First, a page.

A Catholic bishop is preaching a message that’s tough for some of his white parishioners to hear: that they have to love their undocumented immigrant neighbors.
Bishop Joseph Tyson is the head of the Diocese of Yakima that stretches across seven counties in central Washington. He said more than 70 percent of Catholic churchgoers there are Latino. Among the adults, he said most are undocumented.
And he’s telling everyone the bottom line in central Washington.
“If you want to protect the unborn -- you have to walk through the doors of the undocumented,” Tyson said.
Changing the pro-life culture
Seventy people recently gathered at Blessed Sacrament in Grandview, Washington, as part of a tour Bishop Tyson is doing. He’s already spoken to crowds in Richland, Yakima, Moses Lake, Ellensburg and East Wenatchee.
That night there were seven round tables of Latinos -- and one table of all white people at the back.
“Here, central Washington is a pretty pro-life environment,” Tyson said.
He then explained a change he wants to see in that pro-life culture. He started by pointing out a statistic.
“Most of our pregnancies are on the Spanish side,” he said.
Tyson said 80 to 90 percent of Catholic babies baptized in Central Washington are Latino. Then he said pro-life volunteers in his diocese have been successful in helping women have those babies, but that most of the families they’re helping have some undocumented members.
And here’s his punchline: all Catholics have the responsibility to help those babies and their families.
“I know in the national debate that’s like two different moral universes -- red issue, blue issue,” Tyson said. “But here in central Washington we live a different reality.”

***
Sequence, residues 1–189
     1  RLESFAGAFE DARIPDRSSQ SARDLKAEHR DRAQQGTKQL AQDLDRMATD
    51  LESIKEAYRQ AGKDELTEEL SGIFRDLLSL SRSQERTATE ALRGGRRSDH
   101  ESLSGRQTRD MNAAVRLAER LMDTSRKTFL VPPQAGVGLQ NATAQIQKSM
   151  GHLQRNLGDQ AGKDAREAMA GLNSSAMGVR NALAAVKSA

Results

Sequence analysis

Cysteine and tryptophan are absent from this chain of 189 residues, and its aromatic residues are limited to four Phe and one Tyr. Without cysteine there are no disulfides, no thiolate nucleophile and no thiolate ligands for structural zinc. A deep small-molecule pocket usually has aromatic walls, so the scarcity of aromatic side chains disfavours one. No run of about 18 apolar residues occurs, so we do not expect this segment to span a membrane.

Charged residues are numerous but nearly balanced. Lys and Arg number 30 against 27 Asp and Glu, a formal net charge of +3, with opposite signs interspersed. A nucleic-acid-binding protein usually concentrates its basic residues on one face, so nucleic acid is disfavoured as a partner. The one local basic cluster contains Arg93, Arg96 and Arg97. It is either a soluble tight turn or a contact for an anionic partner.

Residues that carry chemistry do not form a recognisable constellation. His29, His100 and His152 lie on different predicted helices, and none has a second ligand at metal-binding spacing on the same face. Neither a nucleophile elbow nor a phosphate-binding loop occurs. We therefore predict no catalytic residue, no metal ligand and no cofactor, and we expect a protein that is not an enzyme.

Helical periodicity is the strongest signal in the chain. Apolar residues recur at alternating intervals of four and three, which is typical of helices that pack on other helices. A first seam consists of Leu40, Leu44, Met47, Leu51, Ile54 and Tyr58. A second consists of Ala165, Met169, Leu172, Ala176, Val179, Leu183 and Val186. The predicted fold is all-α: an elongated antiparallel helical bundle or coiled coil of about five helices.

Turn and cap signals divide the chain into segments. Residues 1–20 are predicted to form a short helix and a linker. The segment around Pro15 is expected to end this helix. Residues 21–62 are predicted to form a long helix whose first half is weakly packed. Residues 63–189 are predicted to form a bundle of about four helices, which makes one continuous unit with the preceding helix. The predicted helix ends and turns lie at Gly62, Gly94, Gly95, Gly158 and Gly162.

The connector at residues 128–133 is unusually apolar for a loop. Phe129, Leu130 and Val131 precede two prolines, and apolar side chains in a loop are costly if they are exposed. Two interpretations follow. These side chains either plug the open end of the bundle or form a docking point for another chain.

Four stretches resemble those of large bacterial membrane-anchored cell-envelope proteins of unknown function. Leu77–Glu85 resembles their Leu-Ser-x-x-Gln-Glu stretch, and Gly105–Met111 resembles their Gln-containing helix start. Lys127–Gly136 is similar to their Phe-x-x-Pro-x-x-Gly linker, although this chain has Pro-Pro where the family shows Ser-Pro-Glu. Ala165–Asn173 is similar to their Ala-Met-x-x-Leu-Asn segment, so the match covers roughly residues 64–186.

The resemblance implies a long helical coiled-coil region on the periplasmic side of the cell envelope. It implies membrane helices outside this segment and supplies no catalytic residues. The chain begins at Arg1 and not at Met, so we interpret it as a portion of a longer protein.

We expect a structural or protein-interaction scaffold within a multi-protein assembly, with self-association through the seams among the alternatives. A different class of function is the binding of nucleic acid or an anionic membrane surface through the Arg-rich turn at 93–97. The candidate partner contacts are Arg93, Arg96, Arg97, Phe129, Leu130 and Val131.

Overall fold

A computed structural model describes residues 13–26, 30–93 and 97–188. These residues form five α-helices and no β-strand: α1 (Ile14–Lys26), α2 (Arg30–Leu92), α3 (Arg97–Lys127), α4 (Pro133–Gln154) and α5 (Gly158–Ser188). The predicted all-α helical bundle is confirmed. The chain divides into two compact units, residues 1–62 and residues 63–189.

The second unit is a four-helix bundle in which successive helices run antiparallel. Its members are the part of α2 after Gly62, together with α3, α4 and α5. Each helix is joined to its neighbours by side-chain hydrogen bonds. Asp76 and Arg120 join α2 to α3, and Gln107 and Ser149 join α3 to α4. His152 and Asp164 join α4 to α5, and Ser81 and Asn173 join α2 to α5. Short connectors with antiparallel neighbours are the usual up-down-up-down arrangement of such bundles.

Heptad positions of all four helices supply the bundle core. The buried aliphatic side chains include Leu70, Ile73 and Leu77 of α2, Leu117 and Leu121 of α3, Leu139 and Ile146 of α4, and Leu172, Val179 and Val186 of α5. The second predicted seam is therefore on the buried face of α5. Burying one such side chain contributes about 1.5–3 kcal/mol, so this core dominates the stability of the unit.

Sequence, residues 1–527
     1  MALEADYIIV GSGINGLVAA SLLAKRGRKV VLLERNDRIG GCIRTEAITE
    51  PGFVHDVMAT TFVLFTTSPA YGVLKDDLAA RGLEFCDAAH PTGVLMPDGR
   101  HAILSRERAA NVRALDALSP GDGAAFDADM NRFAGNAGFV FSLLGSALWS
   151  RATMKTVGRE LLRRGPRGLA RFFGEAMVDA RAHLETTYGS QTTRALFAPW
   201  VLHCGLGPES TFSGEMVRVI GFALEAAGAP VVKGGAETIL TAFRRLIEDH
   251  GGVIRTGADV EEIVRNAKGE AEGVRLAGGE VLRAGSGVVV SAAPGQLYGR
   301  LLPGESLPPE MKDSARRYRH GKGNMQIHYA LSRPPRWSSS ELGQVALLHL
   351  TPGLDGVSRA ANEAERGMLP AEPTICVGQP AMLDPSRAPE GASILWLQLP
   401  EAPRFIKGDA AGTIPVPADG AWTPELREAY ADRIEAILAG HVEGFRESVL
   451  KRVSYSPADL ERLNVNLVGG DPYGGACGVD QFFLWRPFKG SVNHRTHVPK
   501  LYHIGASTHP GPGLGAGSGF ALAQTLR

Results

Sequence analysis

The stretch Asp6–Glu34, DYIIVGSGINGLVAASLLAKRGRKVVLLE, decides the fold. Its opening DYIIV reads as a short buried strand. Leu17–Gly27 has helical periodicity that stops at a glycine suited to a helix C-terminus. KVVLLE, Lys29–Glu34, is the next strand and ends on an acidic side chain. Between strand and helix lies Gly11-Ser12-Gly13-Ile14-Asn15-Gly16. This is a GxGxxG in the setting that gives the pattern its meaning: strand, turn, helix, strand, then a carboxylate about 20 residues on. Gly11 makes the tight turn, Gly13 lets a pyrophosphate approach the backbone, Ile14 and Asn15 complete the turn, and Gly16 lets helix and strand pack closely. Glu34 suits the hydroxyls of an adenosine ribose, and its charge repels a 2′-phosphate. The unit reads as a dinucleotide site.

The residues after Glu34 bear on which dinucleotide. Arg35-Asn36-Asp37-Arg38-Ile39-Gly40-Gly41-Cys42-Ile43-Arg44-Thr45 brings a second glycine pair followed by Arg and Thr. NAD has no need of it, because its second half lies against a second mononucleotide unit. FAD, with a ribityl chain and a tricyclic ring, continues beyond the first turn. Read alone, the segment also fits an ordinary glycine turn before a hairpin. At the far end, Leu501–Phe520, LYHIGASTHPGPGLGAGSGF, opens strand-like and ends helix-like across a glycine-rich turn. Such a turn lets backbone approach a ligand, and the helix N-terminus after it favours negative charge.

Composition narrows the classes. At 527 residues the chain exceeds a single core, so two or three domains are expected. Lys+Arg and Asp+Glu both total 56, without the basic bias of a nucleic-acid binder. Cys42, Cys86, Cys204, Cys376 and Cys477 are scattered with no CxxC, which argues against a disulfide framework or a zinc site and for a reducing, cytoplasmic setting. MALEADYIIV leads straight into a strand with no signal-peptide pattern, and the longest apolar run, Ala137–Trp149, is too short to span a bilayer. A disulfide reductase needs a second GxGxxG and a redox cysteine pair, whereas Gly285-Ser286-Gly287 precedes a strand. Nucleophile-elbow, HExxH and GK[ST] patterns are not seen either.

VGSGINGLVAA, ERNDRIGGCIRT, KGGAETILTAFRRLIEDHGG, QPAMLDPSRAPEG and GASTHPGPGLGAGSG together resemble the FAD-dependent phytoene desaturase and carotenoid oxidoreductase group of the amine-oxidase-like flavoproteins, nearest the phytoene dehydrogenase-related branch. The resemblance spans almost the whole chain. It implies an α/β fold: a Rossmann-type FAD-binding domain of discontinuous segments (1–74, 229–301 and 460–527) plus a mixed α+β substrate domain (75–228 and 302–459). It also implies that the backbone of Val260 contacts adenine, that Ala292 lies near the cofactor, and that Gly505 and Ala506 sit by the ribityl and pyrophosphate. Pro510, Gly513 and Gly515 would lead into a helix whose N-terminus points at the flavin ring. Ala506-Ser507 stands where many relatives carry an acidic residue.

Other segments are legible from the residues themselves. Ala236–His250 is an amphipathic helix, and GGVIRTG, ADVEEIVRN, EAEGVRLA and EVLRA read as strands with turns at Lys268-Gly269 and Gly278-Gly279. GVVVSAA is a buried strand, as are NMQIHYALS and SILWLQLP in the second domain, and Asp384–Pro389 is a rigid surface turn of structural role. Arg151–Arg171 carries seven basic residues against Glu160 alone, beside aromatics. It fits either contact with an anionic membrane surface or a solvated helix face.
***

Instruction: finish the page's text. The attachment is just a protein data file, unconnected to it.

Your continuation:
‘Teaching in a distracted classroom’
In central Washington, that reality includes fear of immigration raids and deportation. Tyson said those fears and what he calls “racist rhetoric” undermine the Catholic pro-life mission.
After the bishop’s talk, snacks are served. The Latinos stayed for fellowship, but the whites hit the doors.
Sitting in a wooden pew in the back of the auditorium, Bishop Tyson looked over the remaining people.
“We’re teaching about God in a distracted classroom right now,” he said. “That might be a way of looking at it.”
And he said white people in his parishes often don’t ask questions during his talks. They write emails afterwards.
“The push back is usually underground,” Tyson said. “Some of it can be pretty severe. Where I can think, ‘Glad you didn’t say this, you know, it’s better we’re doing this offline.’”
They say things like “they should be afraid” and “go back to Mexico with the rest of them.”
Stephanie Dahl went to Tyson’s talk in Richland. She was into it, but as a white person in a mostly white crowd, she said her agreement with the bishop put her in the minority.
“I felt the need to nod my head a lot to convey my agreement and understanding with the bishop,” Dahl said. “There were a lot of still faces and not a lot of other head nods happening around the table and around the room.”
Maria Perez feels the divide at Blessed Sacrament in Grandview. Some whites in her parish always say hi, others, she said, “they just pass me by like I’m nothing.”
A changing script
Bishop Tyson told his Grandview Latino followers it can be hard to face racist or unfriendly white people. But it’s God’s work.
He also told them that in central Washington, things have changed so much that sometimes white people can feel like outsiders.
So, Tyson says Latinos in central Washington need to flip the script of a Catholic story that goes back centuries.
“So English speakers, the Spanish speakers are going to be learning how can they be better missionaries to you in [the] north.”
He said opening doors and hearts will take love. And it may take some steamy posole.